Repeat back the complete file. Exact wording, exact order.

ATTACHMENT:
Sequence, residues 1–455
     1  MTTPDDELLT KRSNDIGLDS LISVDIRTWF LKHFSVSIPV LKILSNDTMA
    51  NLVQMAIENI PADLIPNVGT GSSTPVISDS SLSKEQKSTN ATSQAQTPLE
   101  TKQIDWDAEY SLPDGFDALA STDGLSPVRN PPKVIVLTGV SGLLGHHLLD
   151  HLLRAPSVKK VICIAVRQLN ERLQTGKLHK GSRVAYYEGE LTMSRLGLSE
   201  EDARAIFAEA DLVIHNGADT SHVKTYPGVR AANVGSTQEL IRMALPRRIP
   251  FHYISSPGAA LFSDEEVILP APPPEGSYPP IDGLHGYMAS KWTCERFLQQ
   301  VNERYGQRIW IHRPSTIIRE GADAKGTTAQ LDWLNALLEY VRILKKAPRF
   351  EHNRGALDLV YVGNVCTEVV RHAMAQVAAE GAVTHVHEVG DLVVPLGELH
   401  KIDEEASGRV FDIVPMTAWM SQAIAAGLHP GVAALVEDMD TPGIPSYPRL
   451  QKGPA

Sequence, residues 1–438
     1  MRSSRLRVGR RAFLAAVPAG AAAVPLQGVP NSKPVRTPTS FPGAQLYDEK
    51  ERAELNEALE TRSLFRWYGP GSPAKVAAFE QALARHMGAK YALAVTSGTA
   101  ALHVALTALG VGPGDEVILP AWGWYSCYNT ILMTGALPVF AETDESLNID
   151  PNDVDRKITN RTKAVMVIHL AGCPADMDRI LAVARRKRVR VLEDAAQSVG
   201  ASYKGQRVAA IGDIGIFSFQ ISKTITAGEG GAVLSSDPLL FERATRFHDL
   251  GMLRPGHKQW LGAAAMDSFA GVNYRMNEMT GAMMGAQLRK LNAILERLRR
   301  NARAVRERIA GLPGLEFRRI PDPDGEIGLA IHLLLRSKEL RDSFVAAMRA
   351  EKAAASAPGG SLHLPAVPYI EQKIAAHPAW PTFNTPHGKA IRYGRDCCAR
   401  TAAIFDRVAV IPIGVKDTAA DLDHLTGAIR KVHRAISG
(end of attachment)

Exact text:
Sequence, residues 1–455
     1  MTTPDDELLT KRSNDIGLDS LISVDIRTWF LKHFSVSIPV LKILSNDTMA
    51  NLVQMAIENI PADLIPNVGT GSSTPVISDS SLSKEQKSTN ATSQAQTPLE
   101  TKQIDWDAEY SLPDGFDALA STDGLSPVRN PPKVIVLTGV SGLLGHHLLD
   151  HLLRAPSVKK VICIAVRQLN ERLQTGKLHK GSRVAYYEGE LTMSRLGLSE
   201  EDARAIFAEA DLVIHNGADT SHVKTYPGVR AANVGSTQEL IRMALPRRIP
   251  FHYISSPGAA LFSDEEVILP APPPEGSYPP IDGLHGYMAS KWTCERFLQQ
   301  VNERYGQRIW IHRPSTIIRE GADAKGTTAQ LDWLNALLEY VRILKKAPRF
   351  EHNRGALDLV YVGNVCTEVV RHAMAQVAAE GAVTHVHEVG DLVVPLGELH
   401  KIDEEASGRV FDIVPMTAWM SQAIAAGLHP GVAALVEDMD TPGIPSYPRL
   451  QKGPA

Sequence, residues 1–438
     1  MRSSRLRVGR RAFLAAVPAG AAAVPLQGVP NSKPVRTPTS FPGAQLYDEK
    51  ERAELNEALE TRSLFRWYGP GSPAKVAAFE QALARHMGAK YALAVTSGTA
   101  ALHVALTALG VGPGDEVILP AWGWYSCYNT ILMTGALPVF AETDESLNID
   151  PNDVDRKITN RTKAVMVIHL AGCPADMDRI LAVARRKRVR VLEDAAQSVG
   201  ASYKGQRVAA IGDIGIFSFQ ISKTITAGEG GAVLSSDPLL FERATRFHDL
   251  GMLRPGHKQW LGAAAMDSFA GVNYRMNEMT GAMMGAQLRK LNAILERLRR
   301  NARAVRERIA GLPGLEFRRI PDPDGEIGLA IHLLLRSKEL RDSFVAAMRA
   351  EKAAASAPGG SLHLPAVPYI EQKIAAHPAW PTFNTPHGKA IRYGRDCCAR
   401  TAAIFDRVAV IPIGVKDTAA DLDHLTGAIR KVHRAISG